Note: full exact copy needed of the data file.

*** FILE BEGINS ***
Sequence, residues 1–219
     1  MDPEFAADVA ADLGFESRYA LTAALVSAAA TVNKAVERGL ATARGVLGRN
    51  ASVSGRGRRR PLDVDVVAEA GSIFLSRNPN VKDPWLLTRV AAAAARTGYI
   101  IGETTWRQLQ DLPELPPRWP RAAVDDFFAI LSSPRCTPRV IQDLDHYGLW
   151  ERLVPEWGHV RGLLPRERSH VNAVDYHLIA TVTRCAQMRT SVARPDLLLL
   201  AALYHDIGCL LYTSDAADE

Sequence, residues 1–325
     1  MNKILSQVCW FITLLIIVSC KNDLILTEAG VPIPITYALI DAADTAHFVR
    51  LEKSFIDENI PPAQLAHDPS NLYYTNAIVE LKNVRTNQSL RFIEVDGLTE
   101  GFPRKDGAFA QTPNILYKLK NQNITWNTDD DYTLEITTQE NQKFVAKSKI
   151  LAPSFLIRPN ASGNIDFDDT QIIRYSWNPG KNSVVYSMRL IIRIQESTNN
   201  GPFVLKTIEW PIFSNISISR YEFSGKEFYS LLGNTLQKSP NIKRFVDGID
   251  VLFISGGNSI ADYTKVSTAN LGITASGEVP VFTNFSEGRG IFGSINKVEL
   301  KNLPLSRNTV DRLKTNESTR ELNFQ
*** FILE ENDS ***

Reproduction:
Sequence, residues 1–219
     1  MDPEFAADVA ADLGFESRYA LTAALVSAAA TVNKAVERGL ATARGVLGRN
    51  ASVSGRGRRR PLDVDVVAEA GSIFLSRNPN VKDPWLLTRV AAAAARTGYI
   101  IGETTWRQLQ DLPELPPRWP RAAVDDFFAI LSSPRCTPRV IQDLDHYGLW
   151  ERLVPEWGHV RGLLPRERSH VNAVDYHLIA TVTRCAQMRT SVARPDLLLL
   201  AALYHDIGCL LYTSDAADE

Sequence, residues 1–325
     1  MNKILSQVCW FITLLIIVSC KNDLILTEAG VPIPITYALI DAADTAHFVR
    51  LEKSFIDENI PPAQLAHDPS NLYYTNAIVE LKNVRTNQSL RFIEVDGLTE
   101  GFPRKDGAFA QTPNILYKLK NQNITWNTDD DYTLEITTQE NQKFVAKSKI
   151  LAPSFLIRPN ASGNIDFDDT QIIRYSWNPG KNSVVYSMRL IIRIQESTNN
   201  GPFVLKTIEW PIFSNISISR YEFSGKEFYS LLGNTLQKSP NIKRFVDGID
   251  VLFISGGNSI ADYTKVSTAN LGITASGEVP VFTNFSEGRG IFGSINKVEL
   301  KNLPLSRNTV DRLKTNESTR ELNFQ